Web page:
When you hear about "Ice", "Shaboo" or "Crystal Meth" know that these are some of the most popular synthetic drugs in the world, as well as the most dangerous. These are all active ingredients deriving from methamphetamine, a sympathomimetic that literally bombards the brain with dopamine. According to the United Nations Office for Drug Control and Crime Prevention, there are as many as 25 million users and addicts to these substances worldwide.
A team of scientists at the Scripps Research Institute managed to obtain a positive result in the use of a vaccine against methamphetamine which (for now on guinea pigs) totally blocks its effects.
[highlight] How it works - [/ highlight] The vaccine enables the immune system to attack the methamphetamine molecules when they are still in circulation in the bloodstream, preventing their access to the nervous system: this 'cuts' the effects on the patient's brain and removes the incentive aspect, the feeling of pleasure that stimulates extreme addiction.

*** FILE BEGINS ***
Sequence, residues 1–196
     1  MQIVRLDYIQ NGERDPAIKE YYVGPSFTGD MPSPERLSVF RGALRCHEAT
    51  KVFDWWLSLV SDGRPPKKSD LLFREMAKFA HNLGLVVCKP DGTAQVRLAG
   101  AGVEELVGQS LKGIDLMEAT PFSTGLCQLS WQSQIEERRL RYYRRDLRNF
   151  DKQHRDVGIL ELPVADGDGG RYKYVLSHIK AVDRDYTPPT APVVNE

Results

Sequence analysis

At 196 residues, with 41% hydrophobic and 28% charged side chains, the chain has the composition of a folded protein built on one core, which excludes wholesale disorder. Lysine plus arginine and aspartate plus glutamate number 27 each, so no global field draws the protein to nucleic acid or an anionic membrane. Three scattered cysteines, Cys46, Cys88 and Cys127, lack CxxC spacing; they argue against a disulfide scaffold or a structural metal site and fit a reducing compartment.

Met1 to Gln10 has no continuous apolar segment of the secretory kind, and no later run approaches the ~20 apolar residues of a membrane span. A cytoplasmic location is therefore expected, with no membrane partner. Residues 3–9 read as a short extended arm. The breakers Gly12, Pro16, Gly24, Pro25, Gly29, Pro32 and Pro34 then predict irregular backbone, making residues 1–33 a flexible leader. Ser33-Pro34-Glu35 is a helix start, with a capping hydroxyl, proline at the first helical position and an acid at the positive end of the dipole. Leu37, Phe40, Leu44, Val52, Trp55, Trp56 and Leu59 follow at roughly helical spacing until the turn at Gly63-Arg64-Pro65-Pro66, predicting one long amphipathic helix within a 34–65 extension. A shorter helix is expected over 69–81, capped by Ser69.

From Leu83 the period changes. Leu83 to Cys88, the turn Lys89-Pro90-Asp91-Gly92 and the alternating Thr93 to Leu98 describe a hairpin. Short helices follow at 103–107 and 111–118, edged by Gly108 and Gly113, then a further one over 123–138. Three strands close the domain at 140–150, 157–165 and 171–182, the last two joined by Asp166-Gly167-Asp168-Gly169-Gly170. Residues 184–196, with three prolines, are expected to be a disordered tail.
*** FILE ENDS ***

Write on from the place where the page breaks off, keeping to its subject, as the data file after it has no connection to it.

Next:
Usually, methamphetamine molecules are too small to 'alert' the body and produce a response from some antibody: this vaccine being tested, called M6, is able to bind another, larger molecule to methamphetamine, which causes the body's response: once in circulation, the antibodies make a 'clean sweep' of both the larger molecule and those of methamphetamine.
[highlight] The test - [/ highlight] On rats in the laboratory M6 blocked both typical effects of synthetic drugs (loss of control over body temperature, increased physical activity) and also eliminated any feeling of addiction.
New studies on guinea pigs are planned, and human tests are around the corner: it could be just a few months away.